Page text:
706-546-6639 or 800-417-6639







(Last updated on January 6, 2015)





                   There are 27 member countries of the European Union (the “EU”). 18 of them use the EU’s currency, the EURO.  These 18 countries are:





















(other than Northern Ireland)


              Additionally, the EURO can be used in Andorra, Kosovo, Lithuania, Montenegro, Monaco, San Marino and Vatican City as of January 1, 2015.


               There are seven EURO banknotes – 5, 10, 20, 50, 100, 200 and 500 EUROS each. There are coins for one and two EUROS as well as smaller coins.




                    English notes are issued in 5, 10, 20 and 50 pound banknotes. There are also one pound coins.




                   The Republic of Ireland, with cities such as Dublin and Waterford, uses the EURO; Northern Ireland, which includes the city of Belfast, uses the English pound sterling.




                  Scotland is a part of the United Kingdom but also has its own currency, the Scottish pound. Scottish pounds have the same value as English pounds sterling. Scottish pounds are issued by several Scottish banks. Both the English pound and the Scottish pound can be used in Scotland; however, it has been reported that some problems have been encountered outside of Scotland in using Scottish pounds elsewhere in the United Kingdom. Checks issued by Scottish banks are difficult to exchange outside of Scotland.        




                   Russia has its own currency – the ruble; however, we have heard from several customers that both EUROS and U.S. dollars can be exchanged for Russian currency in Russian banks. We understand they will only accept currency with no tears, writing, or extraneous marks on them.




                   Both U.S. dollars and EUROS can be exchanged in Serbia; in Kosovo, the EURO is used principally but the U.S. dollar and Swiss francs are also used.




                   Western tourists in Cuba use a currency called Convertible Pesos. U.S. dollars can be exchanged for Convertible Pesos but the Cuban government charges a 10% tax. Canada dollars and Euros can be exchanged for convertible pesos without the tax; however, our understanding is that the Cuban government is extremely picky about the currency they receive: there can be no tears, major creases, writing or extraneous marks on the currency they receive. Bills with tears, etc. will be rejected. We can calculate which currency - Euro or Canadian dollar - will buy the most Cuban convertibles - Contact Us





Many visitors to Greece also travel to its close neighbor - Turkey.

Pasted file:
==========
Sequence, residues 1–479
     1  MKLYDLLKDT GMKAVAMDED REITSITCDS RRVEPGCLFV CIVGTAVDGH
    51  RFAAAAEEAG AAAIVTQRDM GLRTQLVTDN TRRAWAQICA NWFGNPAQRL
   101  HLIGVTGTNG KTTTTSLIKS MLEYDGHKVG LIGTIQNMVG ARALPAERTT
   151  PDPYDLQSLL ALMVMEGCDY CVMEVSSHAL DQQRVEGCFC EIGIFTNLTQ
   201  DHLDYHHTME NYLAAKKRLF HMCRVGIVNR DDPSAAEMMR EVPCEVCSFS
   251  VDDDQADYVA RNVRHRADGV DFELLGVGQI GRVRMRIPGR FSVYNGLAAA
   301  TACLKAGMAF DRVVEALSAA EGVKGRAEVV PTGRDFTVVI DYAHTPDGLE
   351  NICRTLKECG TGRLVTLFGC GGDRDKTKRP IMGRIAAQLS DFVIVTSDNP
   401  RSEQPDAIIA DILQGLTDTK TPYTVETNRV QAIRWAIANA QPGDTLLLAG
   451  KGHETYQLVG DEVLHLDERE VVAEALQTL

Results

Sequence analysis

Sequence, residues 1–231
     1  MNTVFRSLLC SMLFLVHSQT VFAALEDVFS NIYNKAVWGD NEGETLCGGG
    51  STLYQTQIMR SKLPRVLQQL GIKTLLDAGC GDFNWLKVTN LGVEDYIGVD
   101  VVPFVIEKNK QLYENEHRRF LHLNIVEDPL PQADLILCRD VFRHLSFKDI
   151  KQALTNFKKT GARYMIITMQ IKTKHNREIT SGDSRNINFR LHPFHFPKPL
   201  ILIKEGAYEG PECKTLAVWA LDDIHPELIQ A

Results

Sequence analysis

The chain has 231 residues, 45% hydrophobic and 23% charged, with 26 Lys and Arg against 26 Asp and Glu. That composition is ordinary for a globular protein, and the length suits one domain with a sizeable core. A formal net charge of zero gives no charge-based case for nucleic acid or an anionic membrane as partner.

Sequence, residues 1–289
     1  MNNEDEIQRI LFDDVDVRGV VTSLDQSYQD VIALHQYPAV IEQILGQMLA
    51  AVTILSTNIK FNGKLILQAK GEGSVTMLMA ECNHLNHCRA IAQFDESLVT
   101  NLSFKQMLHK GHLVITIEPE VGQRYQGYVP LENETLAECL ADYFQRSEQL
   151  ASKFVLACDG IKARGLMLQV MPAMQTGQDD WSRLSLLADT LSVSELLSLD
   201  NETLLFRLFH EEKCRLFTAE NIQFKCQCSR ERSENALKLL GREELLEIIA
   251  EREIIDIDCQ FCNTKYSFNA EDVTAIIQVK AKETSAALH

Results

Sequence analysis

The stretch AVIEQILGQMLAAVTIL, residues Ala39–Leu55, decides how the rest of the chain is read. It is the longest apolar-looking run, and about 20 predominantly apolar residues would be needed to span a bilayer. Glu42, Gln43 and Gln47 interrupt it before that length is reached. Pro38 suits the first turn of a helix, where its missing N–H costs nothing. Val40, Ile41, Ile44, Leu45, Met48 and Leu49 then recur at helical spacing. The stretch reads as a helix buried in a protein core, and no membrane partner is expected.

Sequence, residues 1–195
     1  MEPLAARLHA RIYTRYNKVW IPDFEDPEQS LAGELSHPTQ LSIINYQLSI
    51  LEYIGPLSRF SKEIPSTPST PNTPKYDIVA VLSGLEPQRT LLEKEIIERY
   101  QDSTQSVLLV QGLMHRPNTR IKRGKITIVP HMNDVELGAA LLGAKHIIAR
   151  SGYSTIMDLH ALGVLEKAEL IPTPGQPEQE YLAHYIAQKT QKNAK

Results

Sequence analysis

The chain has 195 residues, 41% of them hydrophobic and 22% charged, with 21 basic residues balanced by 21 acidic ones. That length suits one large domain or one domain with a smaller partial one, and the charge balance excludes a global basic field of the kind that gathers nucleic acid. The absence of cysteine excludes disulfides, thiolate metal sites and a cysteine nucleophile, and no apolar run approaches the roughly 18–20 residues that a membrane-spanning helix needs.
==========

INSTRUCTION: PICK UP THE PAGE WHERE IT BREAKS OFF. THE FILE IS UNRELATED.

Be aware that Turkey has its own currency - the Lira, although many vendors, including some international hotels, require payment in Euros. In January, 2004, Turkey had a 1,000,000-to-1 devaluation of the Lira and issued banknotes called the “new” Lira; in 2007 the “new” Lira was replaced with a banknote of a different design which omits the Turkish word for “new”, and this is the currency that is currently in use. The 2004 “new” lira can be exchanged for the current issue but only in person and at the Turkish Central Bank. The largest Turkish Lira that is in current use is for 200 Liras. Therefore, careful attention should be paid to any currency received within the country.




              It is the custom in many parts of Europe for dining out to be a leisurely experience. Therefore many establishments take advantage of this by having one price level for, say, standing at a bar, with higher prices for sitting at a table or perhaps for sitting outside on a Paris street in April, etc. Those unfamiliar with this perfectly legal pricing arrangement might find themselves quite surprised after doing a cursory review of pricing when the final check arrives and the bill is much higher than anticipated. We have heard stories from our customers who did not check the prices or were given verbal “standing” prices and were charged 30 Euros for a soft drink and a cup of coffee or 100 Euros for a couple of sandwiches and beverages. Therefore, the only way to be protected from this happening is to order only from a printed menu which has prices posted.


                    Most American credit cards add a conversion fee when their card is used overseas and the fee is a percentage of the amount charged. The percentage of the fee depends on the bank that issues the credit card. However, as pointed out in a 2006 Wall Street Journal article, some overseas merchants will present their bills already converted into U.S. dollars and in doing so may add 2% to 5% to the international conversion rate. Thus, the traveler ends up paying two fees – one to the credit card company and the other as a result of the immediate conversion to U.S. dollars. Therefore, it is preferable for the traveler to be invoiced only in the currency that is in use in the particular country.



*       *        *        *        *        *


Note: Georgian Financial Services of Athens makes every effort to provide accurate information on this page, but does not guarantee it. Particular care should be taken in using this information beyond the last update.



Rev. 1/6/2015